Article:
E-Flora BC: Electronic Atlas of the Flora of British Columbia

Prunus virginiana L.
choke cherry (chokecherry)
Rosaceae (Rose family)

Introduction to Vascular Plants

© Diane Williamson  Email the photographer   (Photo ID #13215)

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Distribution of Prunus virginiana
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Introduction

This is a small deciduous species of cherry tree that is native to BC.

Species Information

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General:
Shrub or occasionally a small tree, 1-6 m tall, often suckering and thicket-forming; young twigs usually hairy; bark smooth to fine-scaly, reddish-brown to grey-brown, not peeling readily, the lenticels not prominent.
Leaves:
Alternate, deciduous, elliptic to egg-shaped, 3-10 cm long; finely and regularly saw-toothed, abruptly tapering to a sharp-pointed tip, blunt to rounded or somewhat heart-shaped at the base, green and smooth above, paler and smooth to hairy beneath; leaf stalk with 1 or 2 prominent glands near the top.
Flowers:
Inflorescence a long (5-15 cm) bottlebrush-like cluster, at the end of a short leafy spur-shoot, of numerous stalked flowers; corollas white, saucer-shaped, the petals 5, nearly circular, 4-6 mm long; calyces smooth, 5-lobed, the oval lobes blunt, irregularly glandular-toothed or ragged, 1-1.5 mm long; ovaries superior; stamens about 25.
Fruits:
Fleshy drupes with a large stone (cherries), egg- to globe-shaped, 6-12 mm long, shiny, red, purple or black; seeds 1.
Notes:
Two subspecies occur in BC:

1. Leaves smooth beneath or hairy in axils of veins; drupes bluish-purple to black; plants from east of the Coast-Cascade Mountains................ ssp. melanocarpa (Nels.) Taylor & MacBryde

1. Leaves velvety-hairy beneath; drupes black; plants from west of the Coast-Cascade Mountains.................... ssp. demissa Taylor & MacBryde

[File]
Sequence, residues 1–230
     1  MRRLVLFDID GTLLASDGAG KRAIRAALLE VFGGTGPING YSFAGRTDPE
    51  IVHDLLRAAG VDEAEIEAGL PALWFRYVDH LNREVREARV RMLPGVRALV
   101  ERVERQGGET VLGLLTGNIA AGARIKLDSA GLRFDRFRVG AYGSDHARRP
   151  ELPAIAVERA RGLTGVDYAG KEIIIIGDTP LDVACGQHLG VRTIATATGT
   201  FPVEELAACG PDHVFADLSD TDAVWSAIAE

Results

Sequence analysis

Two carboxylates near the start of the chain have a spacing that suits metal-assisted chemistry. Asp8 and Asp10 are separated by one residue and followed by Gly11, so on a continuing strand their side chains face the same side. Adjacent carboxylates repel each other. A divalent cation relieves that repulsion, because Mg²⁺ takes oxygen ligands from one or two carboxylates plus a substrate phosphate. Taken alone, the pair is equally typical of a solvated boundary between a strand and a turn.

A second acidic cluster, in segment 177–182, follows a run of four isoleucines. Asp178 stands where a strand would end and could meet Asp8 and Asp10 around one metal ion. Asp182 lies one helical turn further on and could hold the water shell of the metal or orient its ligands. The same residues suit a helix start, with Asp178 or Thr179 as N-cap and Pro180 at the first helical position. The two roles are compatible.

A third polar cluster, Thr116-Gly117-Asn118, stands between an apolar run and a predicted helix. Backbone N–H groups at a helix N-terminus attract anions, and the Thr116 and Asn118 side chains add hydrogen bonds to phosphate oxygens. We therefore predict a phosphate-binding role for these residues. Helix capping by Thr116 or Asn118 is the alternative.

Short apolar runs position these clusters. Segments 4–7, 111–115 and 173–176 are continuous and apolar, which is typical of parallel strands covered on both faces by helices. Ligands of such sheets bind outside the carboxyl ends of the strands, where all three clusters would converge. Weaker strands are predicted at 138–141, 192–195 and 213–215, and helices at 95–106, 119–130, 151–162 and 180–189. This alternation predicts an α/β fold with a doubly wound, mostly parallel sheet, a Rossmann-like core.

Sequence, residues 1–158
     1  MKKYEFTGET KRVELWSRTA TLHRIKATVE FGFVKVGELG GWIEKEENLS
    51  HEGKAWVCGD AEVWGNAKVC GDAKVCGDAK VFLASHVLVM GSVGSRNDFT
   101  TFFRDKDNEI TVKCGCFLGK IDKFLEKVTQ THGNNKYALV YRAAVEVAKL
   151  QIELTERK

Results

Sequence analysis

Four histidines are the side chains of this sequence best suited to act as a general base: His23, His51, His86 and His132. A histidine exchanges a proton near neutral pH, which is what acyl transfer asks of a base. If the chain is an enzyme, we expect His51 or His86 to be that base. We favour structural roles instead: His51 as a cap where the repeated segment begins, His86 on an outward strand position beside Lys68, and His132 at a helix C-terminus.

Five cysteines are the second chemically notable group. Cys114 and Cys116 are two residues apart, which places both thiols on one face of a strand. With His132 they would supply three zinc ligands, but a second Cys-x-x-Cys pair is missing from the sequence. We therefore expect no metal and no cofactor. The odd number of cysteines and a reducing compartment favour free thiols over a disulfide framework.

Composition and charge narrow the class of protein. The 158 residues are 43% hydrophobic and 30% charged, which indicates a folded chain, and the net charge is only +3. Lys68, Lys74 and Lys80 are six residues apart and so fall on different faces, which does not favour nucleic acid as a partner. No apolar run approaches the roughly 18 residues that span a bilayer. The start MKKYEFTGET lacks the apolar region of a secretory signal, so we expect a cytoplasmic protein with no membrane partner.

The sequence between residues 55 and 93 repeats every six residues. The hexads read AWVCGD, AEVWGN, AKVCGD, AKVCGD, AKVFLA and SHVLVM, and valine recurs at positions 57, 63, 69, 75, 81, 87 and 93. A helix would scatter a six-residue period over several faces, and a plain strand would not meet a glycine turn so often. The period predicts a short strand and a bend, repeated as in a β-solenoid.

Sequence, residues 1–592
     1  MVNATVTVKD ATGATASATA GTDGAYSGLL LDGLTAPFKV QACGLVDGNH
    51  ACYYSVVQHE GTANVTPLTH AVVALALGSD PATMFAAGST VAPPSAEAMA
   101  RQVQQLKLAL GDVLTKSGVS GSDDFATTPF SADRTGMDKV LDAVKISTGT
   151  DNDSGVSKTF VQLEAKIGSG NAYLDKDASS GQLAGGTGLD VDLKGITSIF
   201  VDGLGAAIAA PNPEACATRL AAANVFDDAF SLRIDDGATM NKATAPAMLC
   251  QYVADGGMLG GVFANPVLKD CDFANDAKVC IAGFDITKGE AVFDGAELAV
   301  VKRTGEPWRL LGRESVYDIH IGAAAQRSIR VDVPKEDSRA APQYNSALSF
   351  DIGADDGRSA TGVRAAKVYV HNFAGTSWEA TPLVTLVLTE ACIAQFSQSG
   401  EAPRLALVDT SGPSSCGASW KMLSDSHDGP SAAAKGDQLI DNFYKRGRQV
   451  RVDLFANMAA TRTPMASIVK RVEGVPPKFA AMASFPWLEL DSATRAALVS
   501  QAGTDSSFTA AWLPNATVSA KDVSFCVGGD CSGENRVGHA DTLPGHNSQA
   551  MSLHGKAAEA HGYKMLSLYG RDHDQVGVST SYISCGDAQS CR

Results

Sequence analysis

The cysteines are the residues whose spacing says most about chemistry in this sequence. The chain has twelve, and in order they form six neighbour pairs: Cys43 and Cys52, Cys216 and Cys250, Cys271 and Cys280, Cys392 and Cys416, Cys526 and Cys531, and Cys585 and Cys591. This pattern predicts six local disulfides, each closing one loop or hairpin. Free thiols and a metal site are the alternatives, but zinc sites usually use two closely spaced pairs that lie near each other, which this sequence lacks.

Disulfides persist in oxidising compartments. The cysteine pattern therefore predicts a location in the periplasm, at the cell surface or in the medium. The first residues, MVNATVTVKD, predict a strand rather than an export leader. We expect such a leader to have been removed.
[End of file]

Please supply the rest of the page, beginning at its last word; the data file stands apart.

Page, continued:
Source: The Illustrated Flora of British Columbia

USDA Species Characteristics

Flower Colour:
White
Blooming Period:
Mid Spring
Fruit/Seed characteristics:
Colour: Black
Present over the Summer
According to the USDA, this species is a known allelopath.
Source:  The USDA

Habitat / Range

Dry to mesic forest edges, open forests, thickets, bluffs, grassy rocky slopes, river terraces, gullies, draws and streambanks in grasslands, and clearings in the lowland and montane zones; common in S BC, especially east of the Coast-Cascade Mountains, infrequent northward; E to NF and S to NC, TX and CA.

Source: The Illustrated Flora of British Columbia

Ecology

Ecological Framework for Prunus virginiana

The table below shows the species-specific information calculated from
original data (BEC database) provided by the BC Ministry of Forests and Range.
(Updated August, 2013)

Site Information
Value / Class

Minimum

Average

Maximum

Elevation (metres) 38 828 2013
Slope Gradient (%) 0 39 230
Aspect (degrees)
[0 - N; 90 - E; 180 - S; 270 - W]
0 190 360
Soil Moisture Regime (SMR)
[0 - very xeric; 4 - mesic;
8 - hydric]
0 2 7
Modal Nutrient Regime
Class
C
Number of field plots
 species was recorded in:
860
Modal BEC Zone Class
IDF
All BEC Zones (# of stations/zone) species was recorded in: AT(6), BG(68), BWBS(42), CWH(1), ESSF(12), ICH(124), IDF(320), IMA(1), MS(64), PP(102), SBPS(5), SBS(80)

Ecological Indicator Information

A shade-intolerant. submontane to subalpine. transcontinental North American deciduous shrub. Occurs in continental cool temperate and cool semiarid climates on moderately dry to fresh. nitrogenĀ­rich (occasionally weakly alkaline) soils (Moder and Mull humus forms). Its occurrence increases with increasing temperature and continentality. and decreases with increasing precipitation and latitude. Occasional in immature broadĀ­leaf forests on water-shedding sites on leeward Vancouver Island and in the coast -interior ecotone. A nitrophytic species characteristic of young-seral, continental forests.

SourceIndicator Plants of Coastal British Columbia (Information applies to coastal locations only)

Climate

The climate type for this species, as reported in the: "British Columbia plant species codes and selected attributes. Version 6 Database" (Meidinger et al. 2008), is cool temperate & cool semiarid.

Synonyms and Alternate Names

Prunus demissa (Nutt.) Walp.
Prunus virginiana subsp. demissa (Nutt.) Roy L. Taylor & MacBryde

Taxonomic and Nomenclatural Links

Additional Photo Sources

Related Databases

General References